A copy of this book was purchased by me for my own personal enjoyment during a time when it was free on Amazon.
1800—Allan Pendale, lawyer and the youngest son of the Earl of Frensham, is bound by ship for the West Indies, to impart the news to his estranged father that his mother has died. But he also has another mission—to find out the truth of his origins.
Miss Clarissa Onslowe is also on board, traveling to take up the role of governess to the daughter of the wealthy planter Mr. Lemarchand. There is nothing to keep her in England. An indiscretion five years before led to her reputation being ruined; her abolitionist family has disowned her and no gentleman would marry her now. But now she seeks redemption with her family by revealing the truth about the miserable lives of the slaves who work on the sugar plantations.
Clarissa’s previous encounter with love has left her aroused and restless, and Allan is a man for whom lust is a daily pastime; thrown together belowdecks during the long sea voyage, they embark on a sensual odyssey where no desire is left untested. But if they thought their exploration and ecstasy could not be bettered, then there are more pleasures to be taken and boundaries to be broken at their island destination—where “March” Lemarchand, sugar king and master of seduction, awaits them both…
This is a substantially revised version of Forbidden Shores (2007) published under the name of Jane Lockwood.
Although I am a big fan of Janet Mullany’s work in contemporary erotic romance (Tell Me More, Hidden Paradise) this was my first experience with one of her many historical novels. A Certain Latitude was originally released under a different pen name, and it would have remained unread by me (even at the temporary price of FREE) if she hadn’t reissued it under the one I already knew and trusted. I couldn’t tell you if what she refers to as “substantial revisions” made this a better book than the original, but I can say that A Certain Latitude far exceeded any expectations I might have had going in, and is as good as any other historical erotic romances I’ve read. What made this book so enjoyable for me was what I’ve now come to expect in Janet Mullany’s work, namely a plot that turns a well-worn trope on its head and scenes of intimate passion which envelop not only the titular hero and heroine but also the supporting characters who enter their sphere with intentions both good and evil.
The notion of “civilized” people devolving into depravity while isolated in a more primitive place where the rules of polite society don’t apply is a trope less commonly found than it once was. It dates back to a time when the “old skool” romances were the norm, and often featured ugly racial stereotypes as a lazy shortcut in lieu of actual character development. But while it’s true that the veneer of civilization began to decompose for Allan and Clarissa even before they reached their destination, it’s clear that what remained was there all along, irrespective of what would take place on the island. It needed only the close quarters of the ship to emerge, and the all-too-knowing encouragement of one dissolute and dominant man to be forced into full flower as they move inexorably toward their shared destiny.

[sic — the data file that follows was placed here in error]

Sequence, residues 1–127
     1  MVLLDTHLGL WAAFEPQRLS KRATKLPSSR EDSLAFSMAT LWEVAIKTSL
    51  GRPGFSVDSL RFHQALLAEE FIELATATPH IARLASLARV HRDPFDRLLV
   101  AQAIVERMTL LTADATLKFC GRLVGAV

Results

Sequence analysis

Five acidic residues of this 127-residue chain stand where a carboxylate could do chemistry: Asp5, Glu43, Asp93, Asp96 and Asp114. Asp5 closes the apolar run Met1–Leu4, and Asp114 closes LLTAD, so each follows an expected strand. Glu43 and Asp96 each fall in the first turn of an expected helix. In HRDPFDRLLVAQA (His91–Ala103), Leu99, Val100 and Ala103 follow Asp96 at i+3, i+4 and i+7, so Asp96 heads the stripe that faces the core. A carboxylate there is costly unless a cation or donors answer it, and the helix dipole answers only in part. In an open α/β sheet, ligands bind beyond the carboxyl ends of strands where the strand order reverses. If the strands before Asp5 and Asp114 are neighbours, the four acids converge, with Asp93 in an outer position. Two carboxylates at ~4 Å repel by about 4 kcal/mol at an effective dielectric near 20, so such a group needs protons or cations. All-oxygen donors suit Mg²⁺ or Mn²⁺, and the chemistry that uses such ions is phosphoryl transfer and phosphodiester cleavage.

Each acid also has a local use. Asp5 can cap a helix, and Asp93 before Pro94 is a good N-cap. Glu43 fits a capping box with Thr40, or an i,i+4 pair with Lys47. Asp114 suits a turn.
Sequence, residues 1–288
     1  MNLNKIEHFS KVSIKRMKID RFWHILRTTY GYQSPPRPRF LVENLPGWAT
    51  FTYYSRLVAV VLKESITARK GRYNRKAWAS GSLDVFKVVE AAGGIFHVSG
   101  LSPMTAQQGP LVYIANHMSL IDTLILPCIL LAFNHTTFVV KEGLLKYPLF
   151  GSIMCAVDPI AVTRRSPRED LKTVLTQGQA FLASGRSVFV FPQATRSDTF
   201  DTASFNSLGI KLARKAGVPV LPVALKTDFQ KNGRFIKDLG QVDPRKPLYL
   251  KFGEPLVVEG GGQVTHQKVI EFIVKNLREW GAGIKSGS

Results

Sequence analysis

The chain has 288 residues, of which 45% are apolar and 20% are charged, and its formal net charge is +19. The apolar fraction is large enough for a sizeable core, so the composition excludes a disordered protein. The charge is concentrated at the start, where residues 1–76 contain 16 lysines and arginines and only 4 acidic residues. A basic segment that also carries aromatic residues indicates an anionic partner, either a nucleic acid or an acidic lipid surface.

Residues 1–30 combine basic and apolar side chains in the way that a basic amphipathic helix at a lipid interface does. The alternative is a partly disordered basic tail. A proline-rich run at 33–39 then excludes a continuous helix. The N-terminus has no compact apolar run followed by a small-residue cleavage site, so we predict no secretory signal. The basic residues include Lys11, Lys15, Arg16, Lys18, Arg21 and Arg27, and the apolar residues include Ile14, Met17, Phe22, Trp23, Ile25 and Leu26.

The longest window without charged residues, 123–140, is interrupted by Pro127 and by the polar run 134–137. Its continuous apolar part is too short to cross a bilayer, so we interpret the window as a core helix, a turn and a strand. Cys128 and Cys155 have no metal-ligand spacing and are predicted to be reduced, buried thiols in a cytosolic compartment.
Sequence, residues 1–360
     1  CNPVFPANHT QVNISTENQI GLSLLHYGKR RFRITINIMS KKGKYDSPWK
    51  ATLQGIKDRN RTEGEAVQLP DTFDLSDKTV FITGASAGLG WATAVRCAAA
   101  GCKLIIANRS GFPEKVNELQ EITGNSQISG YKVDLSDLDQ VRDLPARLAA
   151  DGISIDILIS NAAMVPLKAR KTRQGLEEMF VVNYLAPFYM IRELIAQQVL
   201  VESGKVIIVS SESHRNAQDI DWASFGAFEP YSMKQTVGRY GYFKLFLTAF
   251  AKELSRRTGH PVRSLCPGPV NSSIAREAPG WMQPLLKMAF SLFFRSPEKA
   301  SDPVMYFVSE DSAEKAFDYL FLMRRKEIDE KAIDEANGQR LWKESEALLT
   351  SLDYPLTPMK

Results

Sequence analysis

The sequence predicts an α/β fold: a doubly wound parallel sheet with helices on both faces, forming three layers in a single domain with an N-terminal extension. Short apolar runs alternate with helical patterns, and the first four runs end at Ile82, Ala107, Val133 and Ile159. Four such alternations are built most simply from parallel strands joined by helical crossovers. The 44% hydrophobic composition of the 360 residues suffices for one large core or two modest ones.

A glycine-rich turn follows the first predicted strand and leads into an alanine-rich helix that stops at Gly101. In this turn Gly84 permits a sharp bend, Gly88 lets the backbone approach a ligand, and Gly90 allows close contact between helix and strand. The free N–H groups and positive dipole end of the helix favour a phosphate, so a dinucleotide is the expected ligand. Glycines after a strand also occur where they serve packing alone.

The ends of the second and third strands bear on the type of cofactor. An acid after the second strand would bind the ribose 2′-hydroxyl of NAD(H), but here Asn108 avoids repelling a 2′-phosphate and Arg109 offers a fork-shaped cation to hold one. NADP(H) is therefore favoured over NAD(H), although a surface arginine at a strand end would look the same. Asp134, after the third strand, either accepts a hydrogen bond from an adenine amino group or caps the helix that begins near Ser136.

I must emphasize most strongly that A Certain Latitude is a true erotic romance in every possible way. The sexual encounters involving each of the featured characters are absolutely essential to the plot, as well as those which occurred well before any of them had arrived on the island. The scenes we experience as the story unfolds are explicit and unforgettable, with pairings that may shock those unused to such graphic detail. It’s rare to find such unflinching scenes in historicals that are written so well and in such loving detail, although they do exist in the works of Kate Pearce, Robin Schone, Sharon Page, and Maire Claremont. Thanks to A Certain Latitude, Janet Mullany is now a member of that elite list for me, and I’ll be seeking out all her other historicals for another chance to experience that special reading joy. 5 stars